“I don’t wish for the collapse of the Palestinian Authority,” Prime Minister Benjamin Netanyahu declared Nov. 30 in a conversation with journalists at the International Climate Conference in Paris. “Israel is trying to take steps to prevent this scenario from happening,” Netanyahu said, though he refused to go into detail as to what those “steps” might be. The prime minister then wagged an accusatory finger at Palestinian President Mahmoud Abbas, and used a quick meeting with US President Barack Obama to complain about Abbas. He even made a point of describing the meeting to the press, saying, “I told Obama, ‘Look at how Abbas is continuing with his incitement.’”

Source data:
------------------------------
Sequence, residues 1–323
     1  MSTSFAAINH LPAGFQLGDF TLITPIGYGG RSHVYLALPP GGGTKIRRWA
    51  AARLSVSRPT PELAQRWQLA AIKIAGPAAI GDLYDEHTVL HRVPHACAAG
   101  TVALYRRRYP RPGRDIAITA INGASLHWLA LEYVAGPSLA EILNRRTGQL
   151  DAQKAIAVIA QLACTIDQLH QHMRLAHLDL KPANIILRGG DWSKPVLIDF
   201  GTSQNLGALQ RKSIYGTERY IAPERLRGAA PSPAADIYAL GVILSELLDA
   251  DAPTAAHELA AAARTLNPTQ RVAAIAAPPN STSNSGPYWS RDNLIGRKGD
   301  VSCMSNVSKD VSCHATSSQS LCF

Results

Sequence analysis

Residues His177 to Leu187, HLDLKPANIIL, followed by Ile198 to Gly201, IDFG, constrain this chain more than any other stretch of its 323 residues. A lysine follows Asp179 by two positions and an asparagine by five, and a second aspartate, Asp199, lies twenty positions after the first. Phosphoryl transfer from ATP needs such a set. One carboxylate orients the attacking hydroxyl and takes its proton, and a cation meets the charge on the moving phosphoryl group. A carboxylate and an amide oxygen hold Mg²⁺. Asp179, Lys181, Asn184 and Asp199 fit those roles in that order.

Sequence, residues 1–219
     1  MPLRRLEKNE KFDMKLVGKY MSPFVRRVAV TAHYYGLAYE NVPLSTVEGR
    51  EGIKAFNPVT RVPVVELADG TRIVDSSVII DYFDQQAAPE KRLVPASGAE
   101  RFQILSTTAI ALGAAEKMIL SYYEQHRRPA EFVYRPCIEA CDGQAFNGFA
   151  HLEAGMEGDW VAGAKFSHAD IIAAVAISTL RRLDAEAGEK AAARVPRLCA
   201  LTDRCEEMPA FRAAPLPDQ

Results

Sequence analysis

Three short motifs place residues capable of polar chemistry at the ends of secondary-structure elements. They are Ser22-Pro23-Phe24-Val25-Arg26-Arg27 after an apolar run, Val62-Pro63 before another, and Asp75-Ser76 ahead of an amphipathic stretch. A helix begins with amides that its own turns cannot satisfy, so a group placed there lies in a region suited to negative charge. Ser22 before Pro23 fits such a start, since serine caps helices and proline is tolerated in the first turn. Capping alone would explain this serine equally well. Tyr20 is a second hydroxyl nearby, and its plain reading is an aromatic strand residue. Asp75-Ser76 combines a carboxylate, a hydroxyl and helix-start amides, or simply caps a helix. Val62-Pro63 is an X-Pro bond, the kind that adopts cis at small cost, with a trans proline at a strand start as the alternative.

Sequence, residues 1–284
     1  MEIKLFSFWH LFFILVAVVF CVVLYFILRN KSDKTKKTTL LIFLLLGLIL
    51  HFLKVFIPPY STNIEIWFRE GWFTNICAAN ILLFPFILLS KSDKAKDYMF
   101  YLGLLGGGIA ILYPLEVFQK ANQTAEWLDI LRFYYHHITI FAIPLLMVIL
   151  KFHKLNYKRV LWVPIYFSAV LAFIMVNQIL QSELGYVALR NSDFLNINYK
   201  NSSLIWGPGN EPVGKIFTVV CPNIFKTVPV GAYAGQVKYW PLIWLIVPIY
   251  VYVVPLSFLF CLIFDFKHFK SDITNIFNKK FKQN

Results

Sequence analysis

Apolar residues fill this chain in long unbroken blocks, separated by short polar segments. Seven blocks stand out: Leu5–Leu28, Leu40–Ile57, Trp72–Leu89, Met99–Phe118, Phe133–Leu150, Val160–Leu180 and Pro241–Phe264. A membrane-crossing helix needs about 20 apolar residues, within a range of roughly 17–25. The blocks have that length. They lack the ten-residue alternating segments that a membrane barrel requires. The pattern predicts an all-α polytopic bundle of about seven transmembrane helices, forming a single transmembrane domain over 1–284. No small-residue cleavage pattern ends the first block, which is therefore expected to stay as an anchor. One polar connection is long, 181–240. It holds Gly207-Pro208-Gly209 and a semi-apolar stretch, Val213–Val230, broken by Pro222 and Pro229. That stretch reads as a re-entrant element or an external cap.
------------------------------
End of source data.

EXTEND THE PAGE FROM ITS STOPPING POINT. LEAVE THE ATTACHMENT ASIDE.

Based on what has happened on the ground since that conference, Netanyahu is hardly going out of his way to prevent the collapse of the Palestinian Authority. According to one report in Israeli daily Haaretz on Jan. 5, Netanyahu convened two special Cabinet meetings to prepare for the inevitable “collapse of the PA.” At each of these meetings, security officials presented a series of steps that could prevent the PA’s collapse, including gestures to the Palestinians and providing shielding to jeeps used by Palestinian forces, to assist them in their efforts to fight terrorism. Nor was this the first time since October — when the current wave of terrorism started — that the Cabinet was presented with intelligence reports that Abbas is actually trying to control the terror attacks. This can be seen in the noticeable drop in official incitement against Israel, and the arrest of Hamas members suspected of involvement in terrorist activities.